Significantly, as China’s involvement in strategic projects in Pakistan-held Kashmir has grown, it has openly started needling India on Kashmir, one-fifth of which is under Chinese occupation. It has employed innovative ways to question India’s sovereignty over Kashmir and stepped up military incursions into Indian Kashmir’s Buddhist Ladakh region.

China is clearly signaling that Kashmir is where the Sino-Pakistan nexus can squeeze India. Its military pressure on Arunachal Pradesh, located at the other end of the Himalayas, seems more intended to distract from its Kashmir designs.

Xi’s visit indeed was a reminder that Pakistan-held Kashmir serves as the artery of the Sino-Pakistan nexus.

Xi, who has articulated a more expansive role for China in the world than any modern Chinese leader other than Mao Zedong, showed how high-visibility infrastructure projects drive China’s promotion of commercial and strategic interests. Much of the Chinese funding unveiled during Xi’s visit will be for power projects, including the $1.4-billion Karot Dam, located on the Pakistan-held Kashmir’s border with the Punjab province. This dam is the first project to be financed by China’s new $40-billion Silk Road Fund.

As if to highlight that China treats Pakistan as its newest colony, Xi’s package of power projects will be Chinese-owned, including the Karot Dam station, with the Pakistani government committed to buying power at a preset rate. The power projects, in essence, are to use Pakistan’s resources for Chinese state-run companies to generate profits for repatriation.

In another example of the puppet-puppeteer equation and the risk of Pakistan turning into a Chinistan, Islamabad has given Beijing 40-year exclusive rights to run the port at Gwadar, which is likely to double up as a key outpost for the Chinese navy and serve as China’s first overseas naval station.

The Xi-launched corridor — a network of roads, railway and pipelines — will give China access to the Indian Ocean, thus challenging India in its maritime backyard and opening a new threat for it. The corridor’s transportation links will also allow China to rapidly come to Pakistan’s aid in the event of a war with India.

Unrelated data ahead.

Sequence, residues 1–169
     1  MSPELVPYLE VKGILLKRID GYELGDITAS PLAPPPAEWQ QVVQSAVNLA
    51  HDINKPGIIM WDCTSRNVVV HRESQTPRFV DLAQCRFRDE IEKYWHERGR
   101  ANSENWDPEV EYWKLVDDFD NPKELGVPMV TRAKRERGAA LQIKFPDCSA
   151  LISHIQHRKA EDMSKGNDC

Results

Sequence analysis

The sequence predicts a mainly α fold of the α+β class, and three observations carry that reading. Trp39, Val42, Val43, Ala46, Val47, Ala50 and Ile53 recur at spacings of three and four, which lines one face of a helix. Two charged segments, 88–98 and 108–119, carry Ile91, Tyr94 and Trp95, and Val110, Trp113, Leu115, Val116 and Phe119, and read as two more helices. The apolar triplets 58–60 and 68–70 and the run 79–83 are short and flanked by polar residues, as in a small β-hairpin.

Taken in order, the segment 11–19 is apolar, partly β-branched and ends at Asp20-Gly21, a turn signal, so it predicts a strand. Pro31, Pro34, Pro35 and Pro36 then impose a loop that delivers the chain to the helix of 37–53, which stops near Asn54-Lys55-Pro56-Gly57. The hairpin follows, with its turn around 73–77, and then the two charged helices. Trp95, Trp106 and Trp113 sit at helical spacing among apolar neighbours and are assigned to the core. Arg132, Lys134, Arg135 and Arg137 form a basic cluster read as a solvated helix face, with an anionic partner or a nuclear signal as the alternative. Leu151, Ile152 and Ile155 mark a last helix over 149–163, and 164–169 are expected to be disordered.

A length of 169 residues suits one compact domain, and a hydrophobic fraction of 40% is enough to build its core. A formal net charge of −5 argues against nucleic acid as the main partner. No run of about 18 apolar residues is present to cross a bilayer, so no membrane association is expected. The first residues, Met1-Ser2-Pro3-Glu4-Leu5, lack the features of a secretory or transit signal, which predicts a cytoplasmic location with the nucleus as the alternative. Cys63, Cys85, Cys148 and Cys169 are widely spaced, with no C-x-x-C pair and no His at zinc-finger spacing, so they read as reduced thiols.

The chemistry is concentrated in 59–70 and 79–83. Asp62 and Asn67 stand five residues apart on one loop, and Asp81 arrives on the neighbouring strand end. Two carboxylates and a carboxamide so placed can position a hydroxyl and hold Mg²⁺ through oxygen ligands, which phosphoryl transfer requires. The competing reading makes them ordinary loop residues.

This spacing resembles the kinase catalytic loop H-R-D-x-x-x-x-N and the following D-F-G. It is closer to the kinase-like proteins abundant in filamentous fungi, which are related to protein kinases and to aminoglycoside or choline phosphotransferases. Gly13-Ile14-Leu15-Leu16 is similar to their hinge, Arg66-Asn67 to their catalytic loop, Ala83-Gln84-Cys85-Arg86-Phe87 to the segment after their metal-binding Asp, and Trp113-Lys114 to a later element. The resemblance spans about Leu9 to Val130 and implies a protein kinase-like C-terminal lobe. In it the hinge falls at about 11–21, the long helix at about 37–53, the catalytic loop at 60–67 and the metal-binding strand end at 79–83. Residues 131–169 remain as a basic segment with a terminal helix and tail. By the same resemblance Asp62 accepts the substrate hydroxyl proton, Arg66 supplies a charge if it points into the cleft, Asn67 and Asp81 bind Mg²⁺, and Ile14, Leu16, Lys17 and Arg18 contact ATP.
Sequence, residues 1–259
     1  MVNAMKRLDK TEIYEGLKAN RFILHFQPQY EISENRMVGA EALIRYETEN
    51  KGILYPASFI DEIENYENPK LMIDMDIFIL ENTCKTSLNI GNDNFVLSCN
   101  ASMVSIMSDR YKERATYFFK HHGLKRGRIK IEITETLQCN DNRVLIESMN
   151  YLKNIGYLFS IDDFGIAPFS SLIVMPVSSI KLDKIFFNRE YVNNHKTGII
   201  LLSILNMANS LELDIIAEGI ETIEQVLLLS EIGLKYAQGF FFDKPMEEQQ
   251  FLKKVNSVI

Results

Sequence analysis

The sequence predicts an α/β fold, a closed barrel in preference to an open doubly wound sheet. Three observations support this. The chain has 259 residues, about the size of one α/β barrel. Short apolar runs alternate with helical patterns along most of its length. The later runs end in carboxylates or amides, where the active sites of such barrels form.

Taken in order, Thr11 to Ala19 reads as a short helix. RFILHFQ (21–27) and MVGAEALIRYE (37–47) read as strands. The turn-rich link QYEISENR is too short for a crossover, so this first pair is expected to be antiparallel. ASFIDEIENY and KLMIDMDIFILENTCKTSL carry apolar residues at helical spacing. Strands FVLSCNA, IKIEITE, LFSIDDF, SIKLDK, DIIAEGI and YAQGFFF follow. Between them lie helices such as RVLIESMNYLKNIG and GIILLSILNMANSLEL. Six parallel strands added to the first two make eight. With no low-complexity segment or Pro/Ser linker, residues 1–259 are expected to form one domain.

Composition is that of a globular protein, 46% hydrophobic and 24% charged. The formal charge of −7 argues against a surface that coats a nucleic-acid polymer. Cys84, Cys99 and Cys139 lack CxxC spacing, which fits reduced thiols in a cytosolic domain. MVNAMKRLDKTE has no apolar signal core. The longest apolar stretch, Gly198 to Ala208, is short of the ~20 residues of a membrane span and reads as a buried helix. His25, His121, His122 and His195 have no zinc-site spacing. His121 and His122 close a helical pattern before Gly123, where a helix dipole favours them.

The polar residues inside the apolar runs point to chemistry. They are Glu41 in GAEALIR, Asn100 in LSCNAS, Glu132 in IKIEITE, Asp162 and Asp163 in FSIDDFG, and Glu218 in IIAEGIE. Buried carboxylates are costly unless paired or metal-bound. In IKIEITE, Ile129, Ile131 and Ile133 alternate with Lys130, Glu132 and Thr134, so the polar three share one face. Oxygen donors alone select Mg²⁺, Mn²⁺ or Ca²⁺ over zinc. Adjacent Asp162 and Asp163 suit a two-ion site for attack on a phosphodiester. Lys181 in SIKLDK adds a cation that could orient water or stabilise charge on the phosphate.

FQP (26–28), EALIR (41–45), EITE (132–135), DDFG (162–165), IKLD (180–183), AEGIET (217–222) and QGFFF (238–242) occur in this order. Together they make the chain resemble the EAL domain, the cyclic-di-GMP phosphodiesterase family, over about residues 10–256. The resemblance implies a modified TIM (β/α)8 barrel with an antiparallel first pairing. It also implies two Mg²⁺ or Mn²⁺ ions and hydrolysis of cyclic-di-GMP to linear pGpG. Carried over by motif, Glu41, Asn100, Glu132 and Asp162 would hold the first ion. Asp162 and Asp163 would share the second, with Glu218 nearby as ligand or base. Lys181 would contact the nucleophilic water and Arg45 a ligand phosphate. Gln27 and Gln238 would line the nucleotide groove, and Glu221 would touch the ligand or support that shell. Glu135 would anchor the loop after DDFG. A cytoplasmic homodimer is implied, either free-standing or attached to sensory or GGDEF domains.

Moreover, by transforming Pakistan into a client state of the Chinese economy, the corridor will tighten China’s grip over that country, thus preventing it from emulating the example of Myanmar or Sri Lanka to escape Beijing’s clutches. In return for the contracts and other concessions, China will offer Pakistan protection, including diplomatic cover at the United Nations.

However, Pakistan’s insurrection-torn sprawling province of Baluchistan — home to Gwadar — stands out as the Achilles heel of China’s corridor initiative, despite the Pakistani decision during Xi’s visit to create a special security force to protect Chinese projects.

China thinks in the long term. Pakistan — set to get delivery of eight Chinese attack submarines — is now China’s launch pad for playing a bigger role in the Indian Ocean and Middle East, besides serving as a linchpin of its India-containment strategy. China’s land corridor to the Arabian Sea will extend India’s encirclement by the PLA from the Kashmir land borders to the Indian Ocean sea lanes.

No country in the world other than India confronts a strengthening nexus between two revisionist nuclear-armed neighbors with a proven track record of covert actions in breach of international norms. The corridor constitutes China’s new pincer strategy. India — like the proverbial frog in a gradually heating pot of water not realizing the danger until it is too late — can stay silent and passive at its own peril.

Brahma Chellaney, a long-standing contributor to The Japan Times, is a geostrategist and the author of nine books, including “Water: Asia’s New Battleground,” winner of the 2012 Bernard Schwartz Award. His latest book is “Water, Peace, and War: Confronting the Global Water Crisis.”

© The Japan Times, 2015.